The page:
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Microfabrication approaches to understanding fibroblast roles in tissue regeneration

Project Description

Introducing complexity within in vitro models via the creation of restrictive and confined 3D microenvironments is an emerging approach that has recently generated key data regarding intricate aspects of cell behaviour [1, 2]. Although efforts have until now mainly focussed on studying cell-material interactions using stem cells, the potential of introducing stromal cells within the models, specifically fibroblasts, has been recently reported [3,4]. Fibroblasts are extremely important in both regeneration and cancer but they are generally considered as low-activity cells and their role is often disregarded in in vitro models.

There is a need to develop new in vitro models that allow us to better understand and direct fibroblast responses and, therefore, develop new tools that can ultimately contribute to new approaches in tissue healing. Based on our promising pilot data, this project proposes to do this using microfabricated electrospun scaffolds. Electrospun membranes have great potential in the development of 3D cell culture models and medical devices as they can mimic the extracellular matrix (ECM), to a degree, providing cells with a porous environment in which to proliferate. Electrospinning can be combined with other techniques such as additive manufacturing to produce intricate 3D environments; this combination of techniques was published by Dr. Ortega and coworkers in 2013 [5].

Dr. Ortega and Dr. Lambert, experts in biomaterials manufacturing and fibroblast biology, respectively, have recently shown how a microfabricated membrane (electrospun polycaprolactone) has the potential to keep a fibroblast population in a non-active and non-proliferative state. The aim of this multidisciplinary PhD project is to develop a range of microfabricated scaffolds using additive manufacturing and electrospinning to study fibroblast phenotype. We hypothesise the microfabricated membranes will provide fibroblasts with a normal physiology-like environment in which they will stay inactive, mimicking their behaviour in the body.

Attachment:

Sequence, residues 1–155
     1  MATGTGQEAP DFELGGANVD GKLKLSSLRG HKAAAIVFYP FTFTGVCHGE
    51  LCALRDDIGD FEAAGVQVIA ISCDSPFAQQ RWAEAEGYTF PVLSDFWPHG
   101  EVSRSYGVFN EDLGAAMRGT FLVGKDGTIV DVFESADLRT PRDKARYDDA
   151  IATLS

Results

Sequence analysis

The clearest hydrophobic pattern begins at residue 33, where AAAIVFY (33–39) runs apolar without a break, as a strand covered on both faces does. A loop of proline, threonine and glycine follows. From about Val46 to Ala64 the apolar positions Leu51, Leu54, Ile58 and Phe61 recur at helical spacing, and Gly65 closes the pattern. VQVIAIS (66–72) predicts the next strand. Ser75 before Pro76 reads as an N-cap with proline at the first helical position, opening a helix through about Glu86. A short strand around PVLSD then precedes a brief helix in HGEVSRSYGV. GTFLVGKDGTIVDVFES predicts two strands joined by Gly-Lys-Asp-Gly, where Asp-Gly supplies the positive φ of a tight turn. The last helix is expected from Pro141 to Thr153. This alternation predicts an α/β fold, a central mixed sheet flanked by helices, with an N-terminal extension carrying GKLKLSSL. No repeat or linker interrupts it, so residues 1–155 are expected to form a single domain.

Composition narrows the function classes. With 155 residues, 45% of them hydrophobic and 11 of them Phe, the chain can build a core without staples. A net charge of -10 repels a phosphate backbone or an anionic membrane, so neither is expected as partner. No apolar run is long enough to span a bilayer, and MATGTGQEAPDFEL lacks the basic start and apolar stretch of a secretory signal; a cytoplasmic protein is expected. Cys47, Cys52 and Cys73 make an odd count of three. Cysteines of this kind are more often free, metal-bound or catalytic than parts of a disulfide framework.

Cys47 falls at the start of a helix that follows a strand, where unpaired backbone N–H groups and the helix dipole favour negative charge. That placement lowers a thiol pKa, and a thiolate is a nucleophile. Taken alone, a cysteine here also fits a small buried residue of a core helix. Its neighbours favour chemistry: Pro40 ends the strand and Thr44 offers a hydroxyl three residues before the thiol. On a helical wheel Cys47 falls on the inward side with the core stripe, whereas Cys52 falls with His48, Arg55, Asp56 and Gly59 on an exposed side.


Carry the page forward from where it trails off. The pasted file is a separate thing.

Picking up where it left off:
You will join a vibrant, multidisciplinary group with an excellent record in PhD supervision. You will use cutting-edge biomedical and engineering approaches to generate data that will be key in developing complex laboratory tissue regeneration and cancer progression models, in which fibroblasts have shown to be essential.

Entry Requirements:
Candidates must have a first or upper second class honors degree or significant research experience in the areas of Biomaterials Science or/and Molecular Biology.

Interested candidates should in the first instance contact Dr Ortega ()

How to apply:
Please complete a University Postgraduate Research Application form available here:

Please clearly state the prospective main supervisor in the respective box and select School of Clinical Dentistry as the department.

Funding Notes

EPSRC DTP funded studentship covering fee and stipend at the UKRI Home / EU rate for a duration of 3.5 years. RTSG of £4,500 over the duration of study is also included in this award. This studentship is open to Home students and EU students who have been resident in the UK for the last 3 years; EU students who do not meet the above are entitled to fee only; overseas students are not eligible for this funding.


[1] Giobbe, et al. (2012). Biotechnol Bioeng 109(12): 3119-3132;
[2] Müller, et al. (2015). Biomaterials 53(0): 709-715; (3; [3] Raghu Kalluri. (2016). Nature Reviews, 2016, 16, p. 582; [4] Melling G, et al. (2018).Carcinogenesis, 39(6), 798-807; [5] Ortega, al (2013). Acta Biomater 9(3): 5511-5520.

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